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Investors are nervous as the Federal Reserve prepares to make its policy decision next week. Some even begin to prepare for a big surprise.
What’s going on ? Tuesday’s new inflation data showed prices were not falling as quickly as Wall Street had hoped. Markets slumped as the report fueled fears that the central bank and Chairman Jerome Powell may decide to raise rates more aggressively, inflicting severe economic hardship.
Tuesday’s alarming inflation report was the last before Federal Reserve officials meet for their next interest rate decision, and it signaled to markets that the Fed won’t let go of the accelerator in its struggle to moderate price increases anytime soon.
Investors put the odds of a three-quarters percentage point hike next week at 75%, according to data from CME FedWatch. But some financial bigwigs have started discussing a scenario in which the Fed raises rates by one percentage point for the first time in modern history.
The odds of a full point rise hover around 25% following the inflation report, up from 0% a week ago. Economists at brokerage Nomura Securities changed their forecast from 75 basis points to 100 basis points.
Larry Summers, the former treasury secretary and president emeritus of Harvard, wrote on Twitter that he doesn’t think gradual increases in interest rates have helped dampen high prices. The Fed has already hiked rates four times this year and inflation remains near 40-year highs.
Markets could even surprise on the upside if they are reassured that the Fed is taking inflation seriously, Summers said. It is best to take a ‘tear the bandage’ approach. He added, “I would go for a 100 basis point move to build credibility.”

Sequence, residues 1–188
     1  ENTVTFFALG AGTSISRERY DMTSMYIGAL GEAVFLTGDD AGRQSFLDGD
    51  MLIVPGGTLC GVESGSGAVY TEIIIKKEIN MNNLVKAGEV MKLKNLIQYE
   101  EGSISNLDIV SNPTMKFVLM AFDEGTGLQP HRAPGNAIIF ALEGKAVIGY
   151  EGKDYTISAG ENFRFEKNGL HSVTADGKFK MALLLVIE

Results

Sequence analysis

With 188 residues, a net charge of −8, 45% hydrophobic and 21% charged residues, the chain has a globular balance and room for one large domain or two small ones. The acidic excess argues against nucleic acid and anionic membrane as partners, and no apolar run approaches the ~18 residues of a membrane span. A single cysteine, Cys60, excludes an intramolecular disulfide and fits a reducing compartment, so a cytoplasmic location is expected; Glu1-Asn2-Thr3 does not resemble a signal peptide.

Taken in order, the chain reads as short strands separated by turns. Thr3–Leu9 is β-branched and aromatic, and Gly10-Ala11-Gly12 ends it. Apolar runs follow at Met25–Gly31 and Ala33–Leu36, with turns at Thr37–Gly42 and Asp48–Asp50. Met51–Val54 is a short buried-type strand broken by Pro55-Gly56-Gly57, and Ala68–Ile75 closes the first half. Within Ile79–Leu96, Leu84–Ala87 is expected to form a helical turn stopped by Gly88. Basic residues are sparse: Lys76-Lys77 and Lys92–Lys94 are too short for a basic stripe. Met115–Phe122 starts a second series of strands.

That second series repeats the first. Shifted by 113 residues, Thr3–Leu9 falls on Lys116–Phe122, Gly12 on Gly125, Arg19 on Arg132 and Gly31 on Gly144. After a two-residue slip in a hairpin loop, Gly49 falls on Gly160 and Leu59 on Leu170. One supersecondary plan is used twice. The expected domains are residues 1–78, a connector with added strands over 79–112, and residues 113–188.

But markets often don’t like interest rate hikes, which can negatively impact earnings and stock prices.
A one-percentage-point hike would also push the federal funds rate into what the Fed considers a restrictive range — where it says economic growth tends to slow and unemployment rates tend to rise. This limits the Fed’s chances of executing a soft landing, the Goldilocks situation where the Fed cools the economy enough to reduce inflation but not enough to cause a recession.
Still, some economists think shocking the markets is a good thing, and at least one Fed official agrees.
Minneapolis Fed Chairman Neel Kashari said last month he was glad markets fell after Powell warned of the pain ahead. It meant people understood the seriousness of the Fed’s commitment to bringing inflation rates down to 2%, he said.
The Fed wants “a weaker stock market. They want higher bond yields,” former New York Federal Reserve Chairman Bill Dudley told my colleague Matt Egan last month. “I think the stock market is finally figuring this out.”
Higher bond yields, lower stock prices and widening credit spreads that make borrowing more expensive for companies with weaker balance sheets are needed to tighten financial conditions.
Bottom line: The Federal Reserve is unlikely to raise rates by a full percentage point next week. The consensus among economists and analysts on Wall Street is still for a 75 basis point hike, and Powell likes to communicate and prepare the markets for any changes.
But that doesn’t mean a bigger upside won’t happen at the November meeting.
“I wouldn’t rule out a 100 basis point rate hike,” Marvin Loh, senior strategist at State Street, told me. “Just a few months ago, a 50 basis point hike seemed unthinkable.”